The “social” part of “social justice” comes from one of the more fruitful roots in Hebrew, ch-v-r, which basically means, “join.” If you join a club, or a kibbutz, you become a chaver or chavera, depending on your gender. And if you were living in the former Soviet Union, you would address your “comrade” as chaver.

More generally, any two people who “join together” can be chaverim, friends. But to be called a chaver can be an honor. Who can forget former President Clinton's moving two-word farewell to assassinated Prime Minister Yitzhak Rabin, "Shalom, chaver"?

When it comes to romance, if a girl calls a boy her chaver or a boy calls a girl his chavera, they mean “boyfriend” and “girlfriend.” Boys and girls who are “just friends” use the words yedid and yedida. The noun form of the root, chaverut, can refer to all three kinds of relationships: friendship, dating and membership.

When a group of people joins together – especially in a formal way – it creates a chevrah, “company” or "society."

The adjective is chevrati, which appears in tzedek chevrati, “social justice,” and also gets to modify trendy words, like reshet, “network,” and the lo'azi, "foreign," word medyah, “media” – as in social network and social media.

While English adds syllables to go from “society” to a process like “socialization,” Hebrew just changes the vowels. From chevrah and chevrati we get chivrut, “socialization,” and lechavret, “to socialize” or “to habituate.” This is of course different than simply enjoying someone's chevrah tovah, “good company.”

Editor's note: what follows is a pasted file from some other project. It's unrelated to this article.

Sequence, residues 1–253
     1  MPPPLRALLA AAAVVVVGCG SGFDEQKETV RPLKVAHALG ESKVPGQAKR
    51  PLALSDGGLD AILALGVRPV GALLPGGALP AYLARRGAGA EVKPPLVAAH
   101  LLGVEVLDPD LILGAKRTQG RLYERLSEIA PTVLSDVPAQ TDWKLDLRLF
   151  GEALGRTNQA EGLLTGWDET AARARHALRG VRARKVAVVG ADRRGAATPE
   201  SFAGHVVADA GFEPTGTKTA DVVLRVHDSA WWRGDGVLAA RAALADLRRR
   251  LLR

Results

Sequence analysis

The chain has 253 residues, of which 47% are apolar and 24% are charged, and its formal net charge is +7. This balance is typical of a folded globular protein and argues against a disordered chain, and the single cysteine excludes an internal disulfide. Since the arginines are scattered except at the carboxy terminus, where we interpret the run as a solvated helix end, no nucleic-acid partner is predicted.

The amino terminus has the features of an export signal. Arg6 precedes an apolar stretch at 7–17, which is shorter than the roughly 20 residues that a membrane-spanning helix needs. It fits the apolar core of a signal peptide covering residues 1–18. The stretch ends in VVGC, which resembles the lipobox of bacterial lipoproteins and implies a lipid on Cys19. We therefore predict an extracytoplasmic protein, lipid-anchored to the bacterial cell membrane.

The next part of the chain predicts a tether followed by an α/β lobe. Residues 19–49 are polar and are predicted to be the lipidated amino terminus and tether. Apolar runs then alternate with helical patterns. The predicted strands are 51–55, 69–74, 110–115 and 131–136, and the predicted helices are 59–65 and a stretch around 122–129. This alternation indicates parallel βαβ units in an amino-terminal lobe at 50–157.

Those familiar with the American Jewish world have probably heard of the chavura movement, which consists of decentralized, informal prayer communities. Two Jews may or may not be friends, but if they study together, they become a chevruta, “Talmudic study buddies,” of sorts. For sacral tasks related to the deceased, the organization known as "the holy society," the chevrah kadisha, does the carrying and burying.

To connect people and places we have tachburah ("b" and "v" alternate), “transportation,” whether public, private or a whole system. And to connect words in a sentence, we have tachbir, “syntax,” which you should apply when writing a chibur, “composition,” in your machberet, “notebook.”

All these words may or may not help you lehitchaber, “to connect,” to the meaning of social justice. But as mentioned at the beginning, the whole idea needs explication. This is appropriate since doresh means not only “demand,” but also “inquire” or “interpret.” For instance, in Genesis 25:22, Rebecca goes to “inquire” to God about the commotion in her womb.

From this meaning of the word come the literary terms midrash, the story-like homilies based on Jewish scripture, and derasha, “sermon.”

One of the unambiguous achievements of the protests is that they have spawned many conversations about just what social justice is and how we should go about promoting it. So, at least in one sense, they have realized their slogan. Ha'am doresh tzedek chevrati, “The people inquire about social justice.”

Let us hope that the 'am, "the people," heed the aphorism, Na'eh doresh, na'eh mekayem, “One who talks the talk should walk the walk.” In other words, may those who expound in a way that is na'eh, “beautiful” or “pleasing” and demand the right things, be able to mekayem, “realize” or “sustain,” them.